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65 Cards in this Set

  • Front
  • Back
Gating Theory of Pain
the amt of stimulation of the receptor is NOT equivalent to the amount of pain perceived

anterolateral pathway

damage to SC
vib, prob, 2pt descrimination


loss of pain 1-2seg below the level of the lesion
Free nerve endings have cell bodies

depolarize and send AP
in the DRG, and projections into the CNS
3 Types of Nociceptors
1. Thermal- respond to extremes
-Alpha/Delta fibers- light myel
2. Mechanical Rec- intense press
-Alpha/Delta fibers
3. Polymodal- variety, long lasting pain.
-unmyelinated C fibers
tissue damage results in
1. vasodialation
2. abundance of chem rush in
-stimulate free nerve endings
3. cell ruptures
4. high K- depolarization
released chemicals cause a

tissue damage activates
Feed Forward Reaction

C-Fibers, AP travels to Dorsal Horn
what is released into dorsal Horn?

what is the result of histamine?
Substance P, CGRP->mast cells-->histamine

sensitizes free nerve endings
-pain rec become more sensitive
Secondary Pain response
1. Arachadonic acid-sens nociceptors
2. Bradykinin- acts directly on alpha/delta and C fibers
3. Histamine- sensitizes fibers
Pain fibers primarily enter through what layers of lissaur's tract?
layers 1 and 2 (substantia gelatinosa)
which fibers terminate in..

Layer 1
Layer 2
Layer 5
alpha/delta (marginal layer)
C Fibers
alpha/delta, alpha/beta, and C
Speed of Conductance..

Alpha/beta fibers
C fibers
Alpha/beta, alpha/delta, then C fibers

conduct fastest, sharp pain
relatively fast, sharp pain
slow(1-2m/s), dull pain
prolonged secondary pain is due to what?
1. latency in conduction of C fibers
2. release of chemicals that prolong the effect
C fibers release
1. Glutamate- for fast synaptic transmission
2. Substance P
-secondarily, need repetitive APs
Substance P actions in the Periphery...
1. histamine from mast cells
2. in dorsal horn, sensitizes post-syn AMPA rec to Glu
-amplify glu signaling
Thermoreceptors respond to temps

Thermal Nociceptors resond
not extreme, 20-40 deg C

extreme: x<5 or x>40 deg C
what does a pinprick activate?
2-pt discrimination
mechanonociceptors if extreme
-if press in a small area
when does a bigger response to a given stimuli happen?
after the initial reaction

because of sensitization
sensitization causes?
a decrease in pain thresholds
rel of chem alters the activity of the receptors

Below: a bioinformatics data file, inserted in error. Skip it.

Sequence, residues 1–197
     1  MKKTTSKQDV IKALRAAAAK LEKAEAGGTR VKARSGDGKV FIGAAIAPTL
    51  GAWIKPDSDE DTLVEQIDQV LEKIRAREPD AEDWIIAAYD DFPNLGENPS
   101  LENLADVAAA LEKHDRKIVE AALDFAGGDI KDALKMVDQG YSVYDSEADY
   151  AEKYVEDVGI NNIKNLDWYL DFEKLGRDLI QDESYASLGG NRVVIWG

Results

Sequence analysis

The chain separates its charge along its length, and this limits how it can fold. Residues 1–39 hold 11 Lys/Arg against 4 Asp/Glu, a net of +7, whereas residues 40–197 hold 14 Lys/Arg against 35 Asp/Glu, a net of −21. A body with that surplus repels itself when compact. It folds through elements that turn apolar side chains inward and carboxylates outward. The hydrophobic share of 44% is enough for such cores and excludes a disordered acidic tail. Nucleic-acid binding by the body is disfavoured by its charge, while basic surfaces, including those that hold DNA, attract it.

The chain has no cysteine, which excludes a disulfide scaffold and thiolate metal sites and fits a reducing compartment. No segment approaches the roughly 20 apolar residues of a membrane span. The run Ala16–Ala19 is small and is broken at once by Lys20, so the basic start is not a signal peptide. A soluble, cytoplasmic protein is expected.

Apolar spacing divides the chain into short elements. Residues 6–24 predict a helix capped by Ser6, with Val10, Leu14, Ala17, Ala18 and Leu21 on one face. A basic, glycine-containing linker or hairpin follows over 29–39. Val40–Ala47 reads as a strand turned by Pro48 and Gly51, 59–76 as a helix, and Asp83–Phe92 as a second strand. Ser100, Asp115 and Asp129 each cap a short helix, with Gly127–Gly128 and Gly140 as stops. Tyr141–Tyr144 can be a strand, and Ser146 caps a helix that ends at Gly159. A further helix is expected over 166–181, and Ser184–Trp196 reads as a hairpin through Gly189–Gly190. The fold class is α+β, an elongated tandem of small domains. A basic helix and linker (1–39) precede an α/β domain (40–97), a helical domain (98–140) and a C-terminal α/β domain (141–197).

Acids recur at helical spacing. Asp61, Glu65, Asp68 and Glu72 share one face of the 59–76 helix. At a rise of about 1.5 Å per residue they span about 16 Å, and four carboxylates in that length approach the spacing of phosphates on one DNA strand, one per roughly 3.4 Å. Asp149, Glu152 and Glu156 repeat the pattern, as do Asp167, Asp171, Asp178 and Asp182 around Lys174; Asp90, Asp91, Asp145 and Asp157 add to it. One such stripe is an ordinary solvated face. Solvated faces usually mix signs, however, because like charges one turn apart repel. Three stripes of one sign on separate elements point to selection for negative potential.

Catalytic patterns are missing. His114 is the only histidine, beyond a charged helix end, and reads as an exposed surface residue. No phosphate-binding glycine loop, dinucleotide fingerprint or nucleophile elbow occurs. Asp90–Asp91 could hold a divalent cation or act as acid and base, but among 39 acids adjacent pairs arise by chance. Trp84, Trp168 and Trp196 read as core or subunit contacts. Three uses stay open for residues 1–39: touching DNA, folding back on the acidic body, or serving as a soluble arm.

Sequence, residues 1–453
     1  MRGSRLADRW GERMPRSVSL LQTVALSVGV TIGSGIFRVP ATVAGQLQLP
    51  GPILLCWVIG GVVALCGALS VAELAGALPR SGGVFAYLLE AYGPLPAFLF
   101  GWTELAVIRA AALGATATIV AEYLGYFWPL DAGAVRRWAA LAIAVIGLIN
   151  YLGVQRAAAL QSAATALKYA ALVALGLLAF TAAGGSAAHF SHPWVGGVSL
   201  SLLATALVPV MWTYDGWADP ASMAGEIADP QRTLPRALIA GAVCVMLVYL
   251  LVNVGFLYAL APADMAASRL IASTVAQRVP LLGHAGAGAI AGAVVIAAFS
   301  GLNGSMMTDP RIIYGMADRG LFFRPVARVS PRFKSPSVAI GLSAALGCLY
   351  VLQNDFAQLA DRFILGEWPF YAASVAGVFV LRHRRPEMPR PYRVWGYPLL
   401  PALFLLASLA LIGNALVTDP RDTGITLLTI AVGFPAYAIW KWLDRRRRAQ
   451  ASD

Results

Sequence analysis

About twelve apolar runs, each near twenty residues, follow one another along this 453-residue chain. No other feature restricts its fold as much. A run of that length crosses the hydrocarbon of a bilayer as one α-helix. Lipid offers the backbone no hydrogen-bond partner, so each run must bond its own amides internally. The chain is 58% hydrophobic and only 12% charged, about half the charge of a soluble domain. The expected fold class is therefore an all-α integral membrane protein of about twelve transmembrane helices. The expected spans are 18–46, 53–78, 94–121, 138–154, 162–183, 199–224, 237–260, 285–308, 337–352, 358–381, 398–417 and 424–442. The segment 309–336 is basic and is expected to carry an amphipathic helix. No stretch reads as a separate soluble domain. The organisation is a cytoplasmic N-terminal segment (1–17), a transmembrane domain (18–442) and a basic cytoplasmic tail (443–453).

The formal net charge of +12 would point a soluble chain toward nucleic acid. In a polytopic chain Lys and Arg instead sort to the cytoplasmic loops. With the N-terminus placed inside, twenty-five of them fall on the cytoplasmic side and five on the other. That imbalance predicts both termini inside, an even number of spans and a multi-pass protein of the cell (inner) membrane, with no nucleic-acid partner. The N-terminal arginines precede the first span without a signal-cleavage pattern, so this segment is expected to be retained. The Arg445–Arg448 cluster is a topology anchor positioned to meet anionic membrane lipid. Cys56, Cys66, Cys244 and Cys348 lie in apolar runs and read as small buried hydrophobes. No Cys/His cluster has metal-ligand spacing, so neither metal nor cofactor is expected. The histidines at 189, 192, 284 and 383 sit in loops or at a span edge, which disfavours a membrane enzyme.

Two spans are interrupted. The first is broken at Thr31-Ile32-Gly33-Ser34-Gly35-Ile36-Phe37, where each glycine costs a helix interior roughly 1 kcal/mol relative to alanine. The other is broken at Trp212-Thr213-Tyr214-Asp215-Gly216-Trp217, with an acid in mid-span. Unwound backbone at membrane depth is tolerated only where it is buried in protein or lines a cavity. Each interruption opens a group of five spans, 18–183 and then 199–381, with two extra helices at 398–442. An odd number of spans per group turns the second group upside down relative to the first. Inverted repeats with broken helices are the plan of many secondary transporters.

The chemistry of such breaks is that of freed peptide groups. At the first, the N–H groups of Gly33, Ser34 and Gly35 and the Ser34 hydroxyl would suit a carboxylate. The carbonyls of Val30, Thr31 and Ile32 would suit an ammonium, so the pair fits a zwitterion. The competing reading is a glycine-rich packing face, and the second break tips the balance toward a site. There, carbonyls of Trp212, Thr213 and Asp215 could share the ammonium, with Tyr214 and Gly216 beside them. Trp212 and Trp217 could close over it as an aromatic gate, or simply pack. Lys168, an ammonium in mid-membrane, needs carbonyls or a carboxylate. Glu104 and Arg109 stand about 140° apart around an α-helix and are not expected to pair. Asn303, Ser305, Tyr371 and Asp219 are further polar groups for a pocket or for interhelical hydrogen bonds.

Surface area affected by pain inc in secondary reaction

sensitization of pain receptors that dec pain threshold

non-noxious stimulus now becomes noxious
-ie sunburn painful to breath
Persistent Injury causes
1. C fibers continuously rel Glu
2. activation of NMDA rec
3. synaptic plasticity into system
what does synaptic plasticity do?
keeps the signaling b/w the C-fibers and doral horn cells potentiated
Anterolateral (STT) contains 2 types of fibers that originate in the spine
1. Spinoreticular- goes to medulla/pons
2. Spinomesenscephalic- goes to med brain and terminates in Periaqueductal Grey matter
Spinomesencephalic terminates

what is this impt in
in periaqueductal grey matter

1. pain modulation
2. connections to limbic system
STT crosses
goes to VPL, then to somatosensory cortex

TTT goes to VPM
Primary Somatosensory Cortex

Insular Cortex

Ant Cingulate Cotrex
deals w/ location and intensity of pain
autonomic cmpt of pain

limbic assoc- emotional component of pain
pain is what type of phenomena

intensity signal by what
graded phenomena

frequency of AP
which receptors have the highest threshold?
C fiber contacts

A/B fiber contacts
projection neuron to AntLat sys

dorsal column, contacts some inhibitory interneurons
Summation results in
Less chance of projection neurons firing APs

1. inhib input from the A/B interneuron
2. excitatory input from C fiber
stimulating periaqueductal grey matter results in
reduced sensation of pain

1. causes stim of dorsal raphe nuc-->serotonin down dorsal horn
2. activates locus ceruleus->rel norepi to dorsal horn
how do descending projections regulate pain?
release opiods
mostly enkephalins